Ever since the Beatles released “Abbey Road,” their 11th studio album, in September 1969, the street crossing leading to the Abbey Road studios immortalized on the album cover has been in constant use. For decades, hordes of Beatles fans posing for a keepsake photograph recreating their idols John Lennon, Paul McCartney, George Harrison and Ringo Starr walking over the crossing have kept it in a constant state of wear and tear.
In 2010, the site was declared a national landmark. More than 300,000 fans visit every year.
The photograph that was ultimately chosen as the album cover was the fifth of six snaps taken by photographer Iain Macmillan from a ladder on August 8, 1969. In 2019, thousands of fans thronged to the crossing to celebrate the 50th anniversary of the shoot.
The crossing was repainted by a highways maintenance crew earlier this week.
London-based film composer Andrew T. Mackay (“Monsoon”) is also the India agent for the studios via his company Bohemia Junction.”From the first time I visited Abbey Road studios some years back I’ve been in love with the place,” says Mackay. “It’s not just the incredible artists who’ve recorded there but also the genius team of engineers and staff and the amazing equipment.”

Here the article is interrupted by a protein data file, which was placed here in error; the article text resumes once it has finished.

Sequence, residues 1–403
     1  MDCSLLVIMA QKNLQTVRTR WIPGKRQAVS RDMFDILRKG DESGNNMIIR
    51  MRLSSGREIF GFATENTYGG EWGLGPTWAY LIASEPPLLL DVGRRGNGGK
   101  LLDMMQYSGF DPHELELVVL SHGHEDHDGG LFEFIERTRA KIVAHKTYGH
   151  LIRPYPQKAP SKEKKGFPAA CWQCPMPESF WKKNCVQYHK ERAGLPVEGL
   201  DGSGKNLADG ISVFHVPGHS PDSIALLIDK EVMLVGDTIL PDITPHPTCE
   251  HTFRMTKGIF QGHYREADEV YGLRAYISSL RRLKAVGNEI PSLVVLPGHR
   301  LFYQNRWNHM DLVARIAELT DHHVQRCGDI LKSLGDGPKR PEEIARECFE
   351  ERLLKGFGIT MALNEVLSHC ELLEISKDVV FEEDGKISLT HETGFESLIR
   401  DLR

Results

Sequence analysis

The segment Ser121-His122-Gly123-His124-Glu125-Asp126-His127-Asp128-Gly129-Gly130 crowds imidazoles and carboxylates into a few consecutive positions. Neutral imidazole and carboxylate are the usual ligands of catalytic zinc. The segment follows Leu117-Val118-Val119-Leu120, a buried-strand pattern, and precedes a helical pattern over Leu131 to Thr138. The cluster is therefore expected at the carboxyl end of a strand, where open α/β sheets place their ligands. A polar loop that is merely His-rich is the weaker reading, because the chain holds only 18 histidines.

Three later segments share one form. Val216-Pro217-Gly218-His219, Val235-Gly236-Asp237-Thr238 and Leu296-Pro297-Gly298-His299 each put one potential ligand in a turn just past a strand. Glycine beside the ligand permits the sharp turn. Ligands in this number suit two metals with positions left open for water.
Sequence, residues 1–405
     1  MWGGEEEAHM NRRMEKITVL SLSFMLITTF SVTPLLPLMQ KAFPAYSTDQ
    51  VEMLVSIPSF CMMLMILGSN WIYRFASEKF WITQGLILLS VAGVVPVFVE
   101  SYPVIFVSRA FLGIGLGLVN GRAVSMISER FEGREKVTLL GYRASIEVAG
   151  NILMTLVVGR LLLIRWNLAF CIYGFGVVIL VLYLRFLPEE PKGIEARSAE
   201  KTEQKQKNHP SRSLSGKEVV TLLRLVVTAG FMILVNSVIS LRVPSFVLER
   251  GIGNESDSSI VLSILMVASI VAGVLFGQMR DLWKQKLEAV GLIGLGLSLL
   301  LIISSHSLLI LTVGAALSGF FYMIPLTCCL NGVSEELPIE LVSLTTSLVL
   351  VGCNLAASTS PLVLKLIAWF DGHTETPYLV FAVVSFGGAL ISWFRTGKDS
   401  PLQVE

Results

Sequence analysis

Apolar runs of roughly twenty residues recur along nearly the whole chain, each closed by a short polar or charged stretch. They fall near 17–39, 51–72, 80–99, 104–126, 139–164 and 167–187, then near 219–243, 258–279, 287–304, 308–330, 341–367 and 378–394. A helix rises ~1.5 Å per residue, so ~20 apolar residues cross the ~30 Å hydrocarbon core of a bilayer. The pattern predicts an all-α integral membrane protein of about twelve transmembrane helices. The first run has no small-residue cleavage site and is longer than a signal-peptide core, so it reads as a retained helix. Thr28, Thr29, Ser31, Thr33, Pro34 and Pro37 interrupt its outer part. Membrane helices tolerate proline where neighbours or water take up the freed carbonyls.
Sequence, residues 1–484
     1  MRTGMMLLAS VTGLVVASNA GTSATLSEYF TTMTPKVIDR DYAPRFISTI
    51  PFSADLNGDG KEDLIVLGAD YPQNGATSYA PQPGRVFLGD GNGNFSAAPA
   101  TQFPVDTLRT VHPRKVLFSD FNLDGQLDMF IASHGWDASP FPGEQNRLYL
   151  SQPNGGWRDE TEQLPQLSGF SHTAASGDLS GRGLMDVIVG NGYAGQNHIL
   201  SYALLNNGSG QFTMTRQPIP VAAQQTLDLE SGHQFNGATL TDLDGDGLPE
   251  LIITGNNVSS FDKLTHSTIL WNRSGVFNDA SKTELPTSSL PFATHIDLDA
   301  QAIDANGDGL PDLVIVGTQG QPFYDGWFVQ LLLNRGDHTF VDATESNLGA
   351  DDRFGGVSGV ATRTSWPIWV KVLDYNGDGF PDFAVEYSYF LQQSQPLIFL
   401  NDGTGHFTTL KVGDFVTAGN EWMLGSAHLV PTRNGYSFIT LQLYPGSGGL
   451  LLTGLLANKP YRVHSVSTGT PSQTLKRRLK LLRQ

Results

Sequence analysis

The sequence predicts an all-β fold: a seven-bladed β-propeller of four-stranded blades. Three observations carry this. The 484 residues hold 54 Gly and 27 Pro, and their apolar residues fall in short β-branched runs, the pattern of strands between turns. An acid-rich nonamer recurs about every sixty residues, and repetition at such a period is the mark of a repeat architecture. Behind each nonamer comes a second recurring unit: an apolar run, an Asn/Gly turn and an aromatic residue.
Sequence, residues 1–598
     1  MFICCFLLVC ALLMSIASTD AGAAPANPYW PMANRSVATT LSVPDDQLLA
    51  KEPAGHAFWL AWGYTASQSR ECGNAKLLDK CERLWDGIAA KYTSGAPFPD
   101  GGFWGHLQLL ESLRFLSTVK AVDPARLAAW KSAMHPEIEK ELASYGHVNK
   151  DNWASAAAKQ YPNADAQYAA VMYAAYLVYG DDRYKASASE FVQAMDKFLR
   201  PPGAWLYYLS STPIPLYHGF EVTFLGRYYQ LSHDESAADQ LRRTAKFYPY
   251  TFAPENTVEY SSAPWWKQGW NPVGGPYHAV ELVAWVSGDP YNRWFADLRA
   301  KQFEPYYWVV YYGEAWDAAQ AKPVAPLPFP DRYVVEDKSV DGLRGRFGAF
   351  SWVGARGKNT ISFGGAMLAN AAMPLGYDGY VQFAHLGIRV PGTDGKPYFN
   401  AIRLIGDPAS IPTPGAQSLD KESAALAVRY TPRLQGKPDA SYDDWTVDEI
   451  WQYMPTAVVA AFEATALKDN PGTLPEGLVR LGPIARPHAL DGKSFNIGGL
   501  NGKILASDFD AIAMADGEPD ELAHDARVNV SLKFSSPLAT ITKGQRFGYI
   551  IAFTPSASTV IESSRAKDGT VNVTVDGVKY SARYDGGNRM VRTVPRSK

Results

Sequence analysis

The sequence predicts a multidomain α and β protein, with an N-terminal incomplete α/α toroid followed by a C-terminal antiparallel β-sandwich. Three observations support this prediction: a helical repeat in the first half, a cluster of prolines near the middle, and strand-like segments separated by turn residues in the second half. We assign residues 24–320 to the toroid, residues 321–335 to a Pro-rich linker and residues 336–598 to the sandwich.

“It had to happen but I was taken aback with the news that for the first time in the studios illustrious’ 89-year-old history Abbey Road closed its doors on March 24 – but hopefully for not too long. One of the positives to come out of these uncertain times is a quick brighten up for the famous crossing.”
Until justice is blind to color, until education is unaware of race, until opportunity is unconcerned with the color of men's skins, emancipation will be a proclamation but not a fact.